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Bernard Pressman discusses the effect of the late filing of a defence

A decision which appears to have gone under the radar at the Chancery Division recently is that of Ian Billington v Davies [2016] EWHC 1919 (CH). This could be because it is a decision of a Deputy Master, though is still technically binding on a Judge sitting in the County Court.

The brief facts of the case are that the Claimant, pursuing the Defendants in an action to recover sums he felt had been defrauded of, issued proceedings.  An acknowledgment of service was served but a Defence was not filed or served.  The reason that the Defence was not filed was apparently down to a lack of funding and partly due to ongoing without prejudice negotiations.

Around three months after the Defence was due, the Claimant issued an application for judgment in default of filing a Defence.  The day before the application was due to be heard, the Defendant filed and served a Defence, closely followed by a witness statement setting out the reasons for the delay.  The hearing did not go ahead but, in the meantime, the Defendant was directed to issue an application for an extension of time for service of the Defence.  That application came before Deputy Master Pickering.

The rules provide that

Judgment in default of defence may be obtained only (a) where an acknowledgment of service has been filed but a defence has not been filed…and…the relevant time for doing so has expired.’ [CPR 12.3(2)(a)]

It has traditionally been understood and argued, as it was in this case, that on a literal reading of the rule, by filing and serving a defence, even out of time, it follows that the pre-condition in 12.3(2)(a) is no longer met and that, as a result, default judgment can no longer be sought.  That is to say, that an application for judgment in default of a Defence will automatically be defeated whenever a defendant files a Defence, however late.

Deputy Master Pickering rejected that argument.  The reference to “a defence” must be a reference to a Defence which has either been served within the time permitted by the rules or in respect of which an extension of time has been granted.  Where a Defence is served late, unless and until an extension has been granted, a document purporting to be a Defence is not in fact a Defence for the purposes of CPR 12.3(2)(a).

In dealing with the Defendant’s application for an extension of time, Deputy Master Pickering had regard to the “implied sanction” doctrine from Sayers v Clarke Walker [2002] 1 WLR 3095.  He also had regard to R (On the application of Hysaj) v Secretary of State for the Home Department [2015] 1 WLR 2472.  On an application to extend time the relevant principles are the same as, or analogous to, those to be applied on an application for relief from sanctions.  Consequently, the principles from Denton and Mitchell apply to applications for extension of time.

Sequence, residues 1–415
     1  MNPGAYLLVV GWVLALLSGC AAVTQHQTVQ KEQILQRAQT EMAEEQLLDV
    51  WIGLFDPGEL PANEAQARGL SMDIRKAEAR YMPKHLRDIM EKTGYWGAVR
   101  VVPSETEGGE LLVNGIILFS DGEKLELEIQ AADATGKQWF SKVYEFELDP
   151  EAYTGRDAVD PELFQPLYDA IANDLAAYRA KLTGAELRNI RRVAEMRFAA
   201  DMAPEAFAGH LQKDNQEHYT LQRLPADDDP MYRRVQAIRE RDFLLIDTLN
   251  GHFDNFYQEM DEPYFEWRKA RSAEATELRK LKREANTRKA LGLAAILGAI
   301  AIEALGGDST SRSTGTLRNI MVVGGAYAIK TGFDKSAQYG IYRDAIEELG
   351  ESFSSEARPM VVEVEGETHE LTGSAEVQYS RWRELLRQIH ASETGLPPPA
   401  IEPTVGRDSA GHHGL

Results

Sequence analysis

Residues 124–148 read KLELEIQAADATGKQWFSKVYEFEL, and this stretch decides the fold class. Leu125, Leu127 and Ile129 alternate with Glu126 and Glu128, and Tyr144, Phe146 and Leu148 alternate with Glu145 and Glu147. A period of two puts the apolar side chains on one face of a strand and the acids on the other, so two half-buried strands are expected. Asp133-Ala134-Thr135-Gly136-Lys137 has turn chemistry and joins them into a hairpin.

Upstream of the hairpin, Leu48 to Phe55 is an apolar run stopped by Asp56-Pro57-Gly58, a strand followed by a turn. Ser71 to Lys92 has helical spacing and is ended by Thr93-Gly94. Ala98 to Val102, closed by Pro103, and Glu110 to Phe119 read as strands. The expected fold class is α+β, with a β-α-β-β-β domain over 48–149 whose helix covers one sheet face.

Deputy Master Pickering found that the breach was serious or significant.  The proffered reasons for the breach (lack of funding and ongoing without prejudice negotiations) were, as you might expect, given short, sharp thrift.  The Defendant was unable to persuade the Deputy Master to grant relief by reference to “all the circumstances of the case” either.

Deputy Master Pickering ruled that he could take into account the merits of the underlying claim – but only where it is clear that that claim is very strong or very weak – and only where such analysis can be carried out without embarking on a mini-trial (something which could not be done in this case).

Discretion to extend time for the filing and service of the Defence was therefore refused.

The implications of this decision are clear:

  1. If a party does not file a defence in time, then it will need the Court’s permission to rely upon it.
  2. The test as to whether or not to grant an extension of time is referable, or analogous, to the test for relief from sanctions.
  3. The severity of the principles from Denton and Mitchell etc will apply.
  4. A Defence filed after an application for default judgment, but before the Court makes a decision on the application, does not serve to defeat the application automatically.

It is worth remembering that all of the above will apply to defences to counterclaims too.  Indeed, I used this authority, and the rules it espouses, to good effect in the County Court recently.  The Claimant had not filed a defence to the counterclaim and so a request for default judgment was filed.  The very next day the Defendant filed and served its [purported] Defence.  The Defendant did not make an application for an extension of time and/or for relief from sanction.  At trial, the District Judge took very little time in agreeing that, under the circumstances, the Defendant was entitled to default judgment on the counterclaim.  Luckily for the Claimant, his claim had already been settled and it was only the counterclaim left extant before the court.  Otherwise, default judgment on the counterclaim would almost certainly have operated so as to defeat the claim (see Goldcrest Distribution Limited v Charles Joseph McCole & Otrs [2016] EWHC 1571 (Ch)).

Bernard Pressman / 26th Oct 2016


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